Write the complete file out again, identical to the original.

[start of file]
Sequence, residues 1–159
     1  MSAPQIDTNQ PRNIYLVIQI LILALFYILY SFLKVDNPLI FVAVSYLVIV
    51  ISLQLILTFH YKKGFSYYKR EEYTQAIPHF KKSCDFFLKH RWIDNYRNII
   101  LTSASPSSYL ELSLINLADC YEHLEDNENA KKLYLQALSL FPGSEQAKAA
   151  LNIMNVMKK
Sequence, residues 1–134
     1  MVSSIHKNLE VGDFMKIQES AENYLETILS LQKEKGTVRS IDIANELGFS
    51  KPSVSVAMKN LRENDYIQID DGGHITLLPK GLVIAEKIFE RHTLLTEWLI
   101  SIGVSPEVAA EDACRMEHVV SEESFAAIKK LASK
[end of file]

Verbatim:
Sequence, residues 1–159
     1  MSAPQIDTNQ PRNIYLVIQI LILALFYILY SFLKVDNPLI FVAVSYLVIV
    51  ISLQLILTFH YKKGFSYYKR EEYTQAIPHF KKSCDFFLKH RWIDNYRNII
   101  LTSASPSSYL ELSLINLADC YEHLEDNENA KKLYLQALSL FPGSEQAKAA
   151  LNIMNVMKK
Sequence, residues 1–134
     1  MVSSIHKNLE VGDFMKIQES AENYLETILS LQKEKGTVRS IDIANELGFS
    51  KPSVSVAMKN LRENDYIQID DGGHITLLPK GLVIAEKIFE RHTLLTEWLI
   101  SIGVSPEVAA EDACRMEHVV SEESFAAIKK LASK